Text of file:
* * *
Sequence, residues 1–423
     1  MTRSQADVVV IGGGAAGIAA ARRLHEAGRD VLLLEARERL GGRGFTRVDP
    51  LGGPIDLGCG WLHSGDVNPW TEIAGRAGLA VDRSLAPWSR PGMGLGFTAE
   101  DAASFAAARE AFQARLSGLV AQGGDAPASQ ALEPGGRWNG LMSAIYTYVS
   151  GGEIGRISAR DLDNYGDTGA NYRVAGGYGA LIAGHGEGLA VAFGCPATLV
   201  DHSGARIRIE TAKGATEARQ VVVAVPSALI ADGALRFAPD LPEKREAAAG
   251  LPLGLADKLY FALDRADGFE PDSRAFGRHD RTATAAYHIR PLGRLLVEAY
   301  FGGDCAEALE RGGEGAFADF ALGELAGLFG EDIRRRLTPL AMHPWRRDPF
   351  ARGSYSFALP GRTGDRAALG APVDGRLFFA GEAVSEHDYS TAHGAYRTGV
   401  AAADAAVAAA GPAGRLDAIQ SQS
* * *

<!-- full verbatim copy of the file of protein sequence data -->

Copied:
Sequence, residues 1–423
     1  MTRSQADVVV IGGGAAGIAA ARRLHEAGRD VLLLEARERL GGRGFTRVDP
    51  LGGPIDLGCG WLHSGDVNPW TEIAGRAGLA VDRSLAPWSR PGMGLGFTAE
   101  DAASFAAARE AFQARLSGLV AQGGDAPASQ ALEPGGRWNG LMSAIYTYVS
   151  GGEIGRISAR DLDNYGDTGA NYRVAGGYGA LIAGHGEGLA VAFGCPATLV
   201  DHSGARIRIE TAKGATEARQ VVVAVPSALI ADGALRFAPD LPEKREAAAG
   251  LPLGLADKLY FALDRADGFE PDSRAFGRHD RTATAAYHIR PLGRLLVEAY
   301  FGGDCAEALE RGGEGAFADF ALGELAGLFG EDIRRRLTPL AMHPWRRDPF
   351  ARGSYSFALP GRTGDRAALG APVDGRLFFA GEAVSEHDYS TAHGAYRTGV
   401  AAADAAVAAA GPAGRLDAIQ SQS